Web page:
Fish & Wildlife Disease

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USGS is the lead Federal agency for wildlife disease research and surveillance. Our wildlife health capabilities provide research, information, and technical assistance needed to manage wildlife through disease events. Congress and our partners rely on our science to make informed decisions about fish and wildlife disease policy, planning and management.

Bsal a Threat to Vulnerable Amphibian Hosts

Bsal a Threat to Vulnerable Amphibian Hosts

Batrachochytrium salamandrivorans (Bsal) in Appalachia: Using Scenario Building to Proactively Prepare for a Wildlife Disease Outbreak Caused by an Invasive Amphibian Chytrid Fungus

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USGS Response to White-Nose Syndrome in Bats

USGS Response to White-Nose Syndrome in Bats

USGS science has been a critical part of understanding, and responding to, white-nose syndrome. Learn more about the USGS response in this new fact sheet.

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News

Date published: November 9, 2018

Multi-Partner Workshop Highlights Science Actions for a Potential Wildlife Disease Outbreak

A new USGS Open-File Report outlines findings from a scenario building workshop on a wildlife disease, facilitated by the Department of the Interior’s Strategic Sciences Group (SSG) and led by the USGS. 

Date published: October 26, 2018

A Unified Research Strategy for Disease Management

As wildlife diseases increase globally, an understanding of host-pathogen relationships can elucidate avenues for management and improve conservation efficacy. Amphibians are among the most threatened groups of wildlife, and disease is a major factor in global amphibian declines.

Publications

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Year Published: 2020

Rabies outbreak in captive big brown bats (Eptesicus fuscus) used in white-nose syndrome vaccine trial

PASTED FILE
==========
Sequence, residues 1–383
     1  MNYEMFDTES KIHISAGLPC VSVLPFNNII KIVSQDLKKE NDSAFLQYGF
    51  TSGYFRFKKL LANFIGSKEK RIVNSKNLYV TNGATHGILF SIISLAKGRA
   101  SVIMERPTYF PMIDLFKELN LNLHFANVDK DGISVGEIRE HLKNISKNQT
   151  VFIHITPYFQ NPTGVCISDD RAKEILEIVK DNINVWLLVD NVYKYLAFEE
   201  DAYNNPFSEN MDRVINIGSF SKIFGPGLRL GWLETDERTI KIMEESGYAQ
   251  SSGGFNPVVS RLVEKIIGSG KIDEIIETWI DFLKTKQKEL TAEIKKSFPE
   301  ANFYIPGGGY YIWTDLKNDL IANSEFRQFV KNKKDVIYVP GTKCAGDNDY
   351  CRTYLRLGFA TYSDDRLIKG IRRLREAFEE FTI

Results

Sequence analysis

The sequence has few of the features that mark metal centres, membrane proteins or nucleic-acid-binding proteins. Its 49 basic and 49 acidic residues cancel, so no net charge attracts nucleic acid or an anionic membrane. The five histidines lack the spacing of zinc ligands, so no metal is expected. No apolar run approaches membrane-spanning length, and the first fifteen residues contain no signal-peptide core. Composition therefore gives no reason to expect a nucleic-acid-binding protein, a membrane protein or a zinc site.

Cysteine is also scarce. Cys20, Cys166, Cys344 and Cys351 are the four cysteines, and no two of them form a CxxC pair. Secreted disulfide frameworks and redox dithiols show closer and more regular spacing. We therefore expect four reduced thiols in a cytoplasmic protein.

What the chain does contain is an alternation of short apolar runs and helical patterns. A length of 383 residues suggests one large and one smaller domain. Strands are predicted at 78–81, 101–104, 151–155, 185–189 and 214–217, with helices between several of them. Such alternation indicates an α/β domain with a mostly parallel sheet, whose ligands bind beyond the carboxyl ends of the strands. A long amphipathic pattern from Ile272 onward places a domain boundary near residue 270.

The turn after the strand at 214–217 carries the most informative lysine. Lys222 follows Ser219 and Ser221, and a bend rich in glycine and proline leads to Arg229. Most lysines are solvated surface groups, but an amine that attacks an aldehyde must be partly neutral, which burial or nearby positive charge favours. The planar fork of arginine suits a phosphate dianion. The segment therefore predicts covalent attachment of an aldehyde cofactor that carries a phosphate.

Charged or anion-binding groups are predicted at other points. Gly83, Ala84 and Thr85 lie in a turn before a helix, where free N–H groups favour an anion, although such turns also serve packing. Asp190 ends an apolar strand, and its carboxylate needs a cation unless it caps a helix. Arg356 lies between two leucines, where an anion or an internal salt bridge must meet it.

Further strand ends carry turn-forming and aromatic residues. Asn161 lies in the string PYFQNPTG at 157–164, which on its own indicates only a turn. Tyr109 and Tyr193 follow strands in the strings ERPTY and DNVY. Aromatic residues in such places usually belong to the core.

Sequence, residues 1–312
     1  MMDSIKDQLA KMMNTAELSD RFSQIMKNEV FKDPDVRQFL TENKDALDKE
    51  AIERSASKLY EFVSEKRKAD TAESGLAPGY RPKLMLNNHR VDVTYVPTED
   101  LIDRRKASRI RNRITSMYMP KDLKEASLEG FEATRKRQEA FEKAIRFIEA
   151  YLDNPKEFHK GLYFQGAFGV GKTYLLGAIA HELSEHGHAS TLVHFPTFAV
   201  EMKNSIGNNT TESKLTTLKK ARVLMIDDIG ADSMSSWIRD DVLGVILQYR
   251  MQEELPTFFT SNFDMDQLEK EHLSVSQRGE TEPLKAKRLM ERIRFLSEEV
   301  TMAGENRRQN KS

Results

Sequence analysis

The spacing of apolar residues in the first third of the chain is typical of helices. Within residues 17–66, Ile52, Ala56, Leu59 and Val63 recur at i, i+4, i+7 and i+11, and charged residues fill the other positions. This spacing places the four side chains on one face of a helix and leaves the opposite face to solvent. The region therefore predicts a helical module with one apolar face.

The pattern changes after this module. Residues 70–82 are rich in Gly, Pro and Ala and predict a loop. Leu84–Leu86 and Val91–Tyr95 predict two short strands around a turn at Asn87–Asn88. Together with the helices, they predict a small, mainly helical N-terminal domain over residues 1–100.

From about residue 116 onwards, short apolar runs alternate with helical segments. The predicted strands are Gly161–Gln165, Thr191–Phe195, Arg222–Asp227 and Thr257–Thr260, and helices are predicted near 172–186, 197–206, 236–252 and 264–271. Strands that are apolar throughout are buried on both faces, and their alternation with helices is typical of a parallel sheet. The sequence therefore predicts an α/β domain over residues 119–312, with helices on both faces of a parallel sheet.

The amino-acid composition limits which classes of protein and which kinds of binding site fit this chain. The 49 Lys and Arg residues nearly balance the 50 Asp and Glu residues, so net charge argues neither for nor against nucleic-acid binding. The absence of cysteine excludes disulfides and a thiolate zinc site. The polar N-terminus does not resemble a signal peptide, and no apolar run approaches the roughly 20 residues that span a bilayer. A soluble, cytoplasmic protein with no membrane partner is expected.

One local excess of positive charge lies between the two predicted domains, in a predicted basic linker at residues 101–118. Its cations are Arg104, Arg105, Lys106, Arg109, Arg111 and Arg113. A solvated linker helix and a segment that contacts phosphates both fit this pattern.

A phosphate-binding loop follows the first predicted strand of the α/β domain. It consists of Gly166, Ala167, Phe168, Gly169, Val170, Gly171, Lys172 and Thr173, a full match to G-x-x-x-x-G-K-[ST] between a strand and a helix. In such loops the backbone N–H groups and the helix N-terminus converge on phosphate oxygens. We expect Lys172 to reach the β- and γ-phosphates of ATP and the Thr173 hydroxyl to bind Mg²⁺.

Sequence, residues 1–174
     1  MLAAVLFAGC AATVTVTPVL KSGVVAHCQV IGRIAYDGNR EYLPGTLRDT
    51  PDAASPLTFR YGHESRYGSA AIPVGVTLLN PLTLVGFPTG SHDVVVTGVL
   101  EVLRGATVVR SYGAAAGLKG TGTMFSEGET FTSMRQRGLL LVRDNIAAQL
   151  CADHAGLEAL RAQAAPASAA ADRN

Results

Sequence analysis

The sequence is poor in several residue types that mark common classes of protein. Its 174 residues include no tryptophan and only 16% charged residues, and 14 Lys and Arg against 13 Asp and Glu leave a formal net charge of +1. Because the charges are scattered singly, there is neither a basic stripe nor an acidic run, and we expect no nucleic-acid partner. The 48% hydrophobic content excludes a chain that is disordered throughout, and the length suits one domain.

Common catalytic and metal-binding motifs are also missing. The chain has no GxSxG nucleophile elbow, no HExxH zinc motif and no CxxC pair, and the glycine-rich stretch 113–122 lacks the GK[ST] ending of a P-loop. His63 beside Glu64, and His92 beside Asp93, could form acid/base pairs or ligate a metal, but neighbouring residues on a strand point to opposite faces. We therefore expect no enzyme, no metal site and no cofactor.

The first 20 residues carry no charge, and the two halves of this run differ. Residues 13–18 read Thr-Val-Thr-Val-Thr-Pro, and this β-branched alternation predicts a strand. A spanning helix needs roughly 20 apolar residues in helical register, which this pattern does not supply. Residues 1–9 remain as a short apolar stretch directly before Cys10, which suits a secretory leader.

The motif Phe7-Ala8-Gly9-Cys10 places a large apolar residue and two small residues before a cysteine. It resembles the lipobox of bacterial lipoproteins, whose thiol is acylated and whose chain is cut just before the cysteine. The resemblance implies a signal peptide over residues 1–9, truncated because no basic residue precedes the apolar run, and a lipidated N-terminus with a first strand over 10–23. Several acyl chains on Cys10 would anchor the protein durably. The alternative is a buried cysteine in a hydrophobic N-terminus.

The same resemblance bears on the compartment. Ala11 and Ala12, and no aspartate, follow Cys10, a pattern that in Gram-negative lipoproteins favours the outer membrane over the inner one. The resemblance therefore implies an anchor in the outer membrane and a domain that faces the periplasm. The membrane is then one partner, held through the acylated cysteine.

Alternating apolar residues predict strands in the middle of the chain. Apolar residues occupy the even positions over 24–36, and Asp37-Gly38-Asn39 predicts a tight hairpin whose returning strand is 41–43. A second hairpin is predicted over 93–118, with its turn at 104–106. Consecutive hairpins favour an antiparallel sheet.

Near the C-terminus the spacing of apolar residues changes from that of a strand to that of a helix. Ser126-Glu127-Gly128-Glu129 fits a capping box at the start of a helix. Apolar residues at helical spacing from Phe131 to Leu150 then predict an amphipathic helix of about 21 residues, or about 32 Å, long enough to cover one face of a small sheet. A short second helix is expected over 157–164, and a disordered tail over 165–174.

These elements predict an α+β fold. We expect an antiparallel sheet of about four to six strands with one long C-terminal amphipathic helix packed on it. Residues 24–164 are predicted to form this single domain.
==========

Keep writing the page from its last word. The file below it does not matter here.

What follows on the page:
An outbreak of rabies occurred in a captive colony of wild-caught big brown bats (Eptesicus fuscus). Five of 27 bats exhibited signs of rabies virus infection 22–51 d after capture or 18–22 d after contact with the index case. Rabid bats showed weight loss, aggression, increased vocalization, hypersalivation, and refusal of food. Antigenic typing...

Abbott, Rachel C.; Saindon, L.G.; Falendysz, Elizabeth; Greenberg, Lauren; Orciari, L.A.; Satheshkumar, Panayampalli Subbian; Rocke, Tonie E.

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Year Published: 2019

Caryospora-like coccidia infecting green turtles (Chelonia mydas): An emerging disease with evidence of interoceanic dissemination

Protozoa morphologically consistent with Caryospora sp. are one of the few pathogens associated with episodic mass mortality events involving free-ranging sea turtles. Parasitism of green turtles (Chelonia mydas) by these coccidia and associated mortality was first reported in maricultured turtles in the Caribbean during the 1970s. Years later,...

Stacy, Brian A.; Chapman, Phoebe A.; Stockdale-Walden, Heather; Work, Thierry M.; Dagenais, Julie; Foley, Allen M.; Wideroff, Morgan; Wellehan, Jr.; Childress, April L.; Manire, Charles A.; Rodriguez, Mya; Zachariah, Trevor T.; Staggs, Lydia; Zirkelbach, Bette; Nahvi, Nina; Crowder, Whitney; Boylan, Shane M.; Marquardt, Shelly; Pelton, Craig; Norton, Terry M.

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Year Published: 2019

Life cycle of the trout cecal nematode, Truttaedacnitis truttae (Nematoda: Cucullanidae): Experimental and field observations

Truttaedacnitis truttae is a cucullanid nematode of primarily salmonine fishes. Brown trout (Salmo trutta) in Europe reportedly become parasitized by ingesting lampreys (Lampetra planeri) carrying infective larvae. However, our field and laboratory observations suggested that North American specimens of T. truttae have an...

Choudhury, Anindo; Cole, Rebecca A.